Project Wonderful

Tuesday, September 2, 2014

Federal Court Hearing Arguments in Texas Voter ID Case

Arguments over the legality of Texas' notorious ID law are being heard by a Federal judge in Corpus Christi.

What's super interesting about this case is that the law was originally rejected during preclearance but with preclearance effectively off the table the Justice Department will argue its case by proving that the law intentionally disenfranchises minority voters. (This, by the way, is emblematic of the shift in burden of proof in an post- Shelby County v. Holder world.) It is worth noting that under still intact Section 2 of the Voting Rights Act, a law is prohibited if it has the effect of discriminating against voters on the the basis of race. However, the Justice Department seeks to meet a stricter standard and prove that the law was enacted with the intent to discriminate. As you may remember, it was the formula used to determine which jurisdictions were covered and not preclearance itself that was stuck down in Shelby County v. Holder. If the DOJ can prove intent to discriminate then the federal judge can place Texas back under preclearance.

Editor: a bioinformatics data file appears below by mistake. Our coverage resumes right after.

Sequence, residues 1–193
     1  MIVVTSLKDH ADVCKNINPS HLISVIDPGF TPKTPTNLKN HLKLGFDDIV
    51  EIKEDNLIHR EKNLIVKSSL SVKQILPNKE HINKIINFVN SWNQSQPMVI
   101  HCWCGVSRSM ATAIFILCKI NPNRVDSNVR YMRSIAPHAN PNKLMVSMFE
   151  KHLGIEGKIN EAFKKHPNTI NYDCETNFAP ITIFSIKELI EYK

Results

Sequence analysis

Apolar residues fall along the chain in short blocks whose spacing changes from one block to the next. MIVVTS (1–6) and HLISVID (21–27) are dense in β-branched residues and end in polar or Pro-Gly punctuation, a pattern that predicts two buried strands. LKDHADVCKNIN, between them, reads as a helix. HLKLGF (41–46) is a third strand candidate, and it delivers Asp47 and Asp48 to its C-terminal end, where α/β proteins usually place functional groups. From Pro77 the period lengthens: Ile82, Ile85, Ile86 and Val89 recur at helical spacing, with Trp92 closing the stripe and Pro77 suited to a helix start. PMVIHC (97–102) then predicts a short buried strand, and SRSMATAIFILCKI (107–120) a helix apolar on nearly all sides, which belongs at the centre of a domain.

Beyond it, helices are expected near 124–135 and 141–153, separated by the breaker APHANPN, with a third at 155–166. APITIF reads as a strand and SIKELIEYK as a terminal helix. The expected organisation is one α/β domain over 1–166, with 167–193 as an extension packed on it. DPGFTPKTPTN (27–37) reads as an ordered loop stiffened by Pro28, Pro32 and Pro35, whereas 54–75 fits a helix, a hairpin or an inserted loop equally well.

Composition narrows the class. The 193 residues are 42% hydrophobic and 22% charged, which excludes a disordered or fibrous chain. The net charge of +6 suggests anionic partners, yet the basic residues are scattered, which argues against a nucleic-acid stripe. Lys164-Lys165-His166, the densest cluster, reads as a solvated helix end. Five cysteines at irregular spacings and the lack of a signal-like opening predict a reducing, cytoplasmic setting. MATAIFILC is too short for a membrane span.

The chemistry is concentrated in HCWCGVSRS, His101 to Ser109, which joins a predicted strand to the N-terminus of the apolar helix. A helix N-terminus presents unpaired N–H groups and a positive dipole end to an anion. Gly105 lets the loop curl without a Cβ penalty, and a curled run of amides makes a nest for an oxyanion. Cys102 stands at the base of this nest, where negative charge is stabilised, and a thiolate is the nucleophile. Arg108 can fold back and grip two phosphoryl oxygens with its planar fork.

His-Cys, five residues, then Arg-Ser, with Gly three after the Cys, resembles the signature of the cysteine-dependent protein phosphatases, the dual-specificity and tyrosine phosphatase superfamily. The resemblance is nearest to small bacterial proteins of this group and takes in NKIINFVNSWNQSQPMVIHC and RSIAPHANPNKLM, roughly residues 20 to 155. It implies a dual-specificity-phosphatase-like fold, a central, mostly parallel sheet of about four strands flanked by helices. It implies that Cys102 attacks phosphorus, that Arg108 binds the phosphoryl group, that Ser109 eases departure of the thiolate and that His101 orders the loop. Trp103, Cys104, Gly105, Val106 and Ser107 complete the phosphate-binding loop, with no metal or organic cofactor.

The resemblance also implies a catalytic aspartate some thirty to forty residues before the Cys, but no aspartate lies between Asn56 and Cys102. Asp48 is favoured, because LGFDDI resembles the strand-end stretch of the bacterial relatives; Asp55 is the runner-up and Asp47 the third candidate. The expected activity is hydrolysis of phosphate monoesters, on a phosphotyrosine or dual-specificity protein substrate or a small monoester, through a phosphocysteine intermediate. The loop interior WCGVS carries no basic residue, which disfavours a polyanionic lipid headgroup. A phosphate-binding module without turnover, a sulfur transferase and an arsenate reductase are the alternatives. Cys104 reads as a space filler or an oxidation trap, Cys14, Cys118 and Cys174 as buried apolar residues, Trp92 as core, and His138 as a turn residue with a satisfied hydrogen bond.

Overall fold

My favorite quote from a New York Times article on the case, "Texas alleg[es] that the Justice Department has gone after “only Southern, Republican-led states” and suggesting that the agency ignores the concerns of white Republican voters and favors minority Democratic voters. The allegations have outraged lawyers for the Justice Department and several minority groups, voters and Democratic lawmakers who are part of the agency’s lawsuit against Texas." Man white Republicans just can't catch a break in the disenfranchisement game.

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